As these girls enter puberty, it can get worse. High school senior Mackenzie Langan told ABC News that she was known only for her boobs at school and that boys would date her only because of her size.

The result of this kind of treatment after many years is that young women feel they are defined by their breasts. These girls often second-guess the attention they receive, making them less likely to open up to those around them and build long-lasting relationships.

Weakened Self-Esteem

Perhaps the most important factor isn’t physical discomfort or issues relating to others, but the way a young woman feels about herself. A girl’s self-confidence and sense of worth can be hit hard by her large cup size. Many girls report being unable to find clothes that fit properly. Dresses and tops that look innocent on the rack may suddenly become uncomfortably revealing on many girls’ otherwise petite frames. To compensate, these girls often choose to wear bulky sweatshirts and baggy tees to conceal their chests. Clothing issues can limit girls’ ability to dress in a way that reflects their personalities.

Many teenagers end up feeling like they aren’t normal and even develop destructive behaviors such as eating disorders in an attempt to reduce the size of their breasts. However, large breasts that are disproportionate to the rest of a girl’s body are often primarily made of glandular breast tissue rather than fatty tissue, so even healthy diet and exercise habits have little effect.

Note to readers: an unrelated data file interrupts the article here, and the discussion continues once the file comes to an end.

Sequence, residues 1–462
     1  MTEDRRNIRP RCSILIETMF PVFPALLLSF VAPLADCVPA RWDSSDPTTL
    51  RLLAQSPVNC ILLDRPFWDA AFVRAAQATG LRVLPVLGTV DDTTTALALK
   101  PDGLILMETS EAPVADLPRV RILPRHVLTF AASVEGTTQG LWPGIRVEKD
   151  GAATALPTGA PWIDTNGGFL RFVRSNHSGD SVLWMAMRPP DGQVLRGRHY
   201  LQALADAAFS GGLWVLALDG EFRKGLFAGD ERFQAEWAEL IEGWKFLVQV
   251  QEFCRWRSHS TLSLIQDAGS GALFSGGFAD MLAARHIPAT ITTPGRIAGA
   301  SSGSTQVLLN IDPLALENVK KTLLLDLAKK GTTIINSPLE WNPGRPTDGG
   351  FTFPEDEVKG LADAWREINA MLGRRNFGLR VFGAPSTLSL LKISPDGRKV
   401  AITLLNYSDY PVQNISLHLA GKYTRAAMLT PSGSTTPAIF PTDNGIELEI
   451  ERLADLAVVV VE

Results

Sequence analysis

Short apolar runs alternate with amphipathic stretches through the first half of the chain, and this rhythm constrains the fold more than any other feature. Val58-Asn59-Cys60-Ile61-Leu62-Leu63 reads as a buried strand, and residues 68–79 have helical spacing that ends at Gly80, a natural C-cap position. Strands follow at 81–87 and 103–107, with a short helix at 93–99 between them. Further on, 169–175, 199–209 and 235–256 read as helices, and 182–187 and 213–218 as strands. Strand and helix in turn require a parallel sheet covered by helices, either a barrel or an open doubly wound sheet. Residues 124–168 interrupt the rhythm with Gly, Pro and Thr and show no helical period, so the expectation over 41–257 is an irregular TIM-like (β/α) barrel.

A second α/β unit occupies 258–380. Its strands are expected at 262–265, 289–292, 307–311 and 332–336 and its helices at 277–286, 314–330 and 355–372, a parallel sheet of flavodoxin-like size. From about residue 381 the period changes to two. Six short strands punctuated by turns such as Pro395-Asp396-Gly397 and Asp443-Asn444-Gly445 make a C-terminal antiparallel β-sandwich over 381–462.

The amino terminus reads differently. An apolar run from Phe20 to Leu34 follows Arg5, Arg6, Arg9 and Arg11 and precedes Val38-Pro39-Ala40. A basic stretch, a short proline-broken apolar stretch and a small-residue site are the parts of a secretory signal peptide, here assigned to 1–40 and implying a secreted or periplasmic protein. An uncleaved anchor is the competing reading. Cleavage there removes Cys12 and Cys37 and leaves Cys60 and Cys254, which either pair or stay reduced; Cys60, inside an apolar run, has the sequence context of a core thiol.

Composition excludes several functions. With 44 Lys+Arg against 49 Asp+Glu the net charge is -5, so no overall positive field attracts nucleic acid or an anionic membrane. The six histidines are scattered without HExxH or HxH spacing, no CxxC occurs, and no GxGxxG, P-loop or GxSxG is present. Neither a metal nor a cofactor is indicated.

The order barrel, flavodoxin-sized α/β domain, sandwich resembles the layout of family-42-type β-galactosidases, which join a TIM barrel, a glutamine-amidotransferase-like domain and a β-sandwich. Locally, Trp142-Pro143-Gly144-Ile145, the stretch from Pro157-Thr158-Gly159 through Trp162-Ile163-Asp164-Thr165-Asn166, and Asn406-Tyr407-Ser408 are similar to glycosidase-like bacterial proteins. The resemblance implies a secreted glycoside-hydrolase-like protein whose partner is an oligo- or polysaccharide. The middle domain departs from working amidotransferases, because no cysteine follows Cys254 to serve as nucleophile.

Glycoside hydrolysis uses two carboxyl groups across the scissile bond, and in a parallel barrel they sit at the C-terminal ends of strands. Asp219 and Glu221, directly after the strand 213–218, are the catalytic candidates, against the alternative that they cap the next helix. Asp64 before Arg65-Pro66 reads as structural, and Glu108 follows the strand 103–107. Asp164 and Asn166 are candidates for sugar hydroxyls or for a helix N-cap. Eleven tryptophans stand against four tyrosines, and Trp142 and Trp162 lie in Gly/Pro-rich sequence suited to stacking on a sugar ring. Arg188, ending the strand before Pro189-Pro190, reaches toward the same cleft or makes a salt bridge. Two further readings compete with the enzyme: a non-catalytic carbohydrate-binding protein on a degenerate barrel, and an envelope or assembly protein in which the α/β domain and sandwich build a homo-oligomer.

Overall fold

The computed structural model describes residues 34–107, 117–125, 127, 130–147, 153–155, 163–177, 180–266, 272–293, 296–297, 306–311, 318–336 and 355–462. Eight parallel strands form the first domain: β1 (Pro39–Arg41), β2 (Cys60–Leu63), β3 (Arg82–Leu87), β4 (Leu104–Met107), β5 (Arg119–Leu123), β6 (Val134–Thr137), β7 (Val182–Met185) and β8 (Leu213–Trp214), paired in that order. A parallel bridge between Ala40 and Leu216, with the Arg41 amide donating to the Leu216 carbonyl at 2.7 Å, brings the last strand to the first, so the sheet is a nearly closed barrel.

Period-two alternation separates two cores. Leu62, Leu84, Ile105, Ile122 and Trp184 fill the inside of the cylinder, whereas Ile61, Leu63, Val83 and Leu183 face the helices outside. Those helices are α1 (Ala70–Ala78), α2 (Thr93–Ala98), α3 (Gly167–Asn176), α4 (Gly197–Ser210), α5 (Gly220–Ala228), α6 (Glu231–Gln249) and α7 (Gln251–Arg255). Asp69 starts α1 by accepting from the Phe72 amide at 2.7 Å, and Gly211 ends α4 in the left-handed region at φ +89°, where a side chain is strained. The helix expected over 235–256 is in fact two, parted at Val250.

Coupled with negative attention from peers, these issues leave teens with major confidence issues that can resonate in many other areas of their lives.

A Surgical Solution

If your teenager is experiencing some of these quality-of-life concerns, it’s worth considering breast reduction surgery. For girls with physical pain, insurance companies may cover some or all of breast reduction as a medically necessary surgery. This helps significantly reduce the financial load on the family of the affected teenager.


Although all surgery comes with some risks, breast reduction is among the safest and most commonly performed procedures among plastic surgeons. According to the breast reduction webpage of the Portland Plastic Surgery Group in Oregon, qualified specialists offer short-scar techniques that make healing more comfortable. Recovery usually takes a few weeks, they say, before patients can return to normal activity. In time, many patients become more active than ever once they realize how much more comfortable and confident they feel in their bodies.

If you feel that a breast reduction surgery may be something that could help your daughter, make sure to find a surgeon with significant experience. Finding the right surgeon helps to ensure natural-looking results that best complement your daughter’s shape and help balance her body contours. Even if you aren’t sure and simply want to learn more, a consultation with a board-certified plastic surgeon can help you determine whether breast reduction surgery is an appropriate choice for your daughter.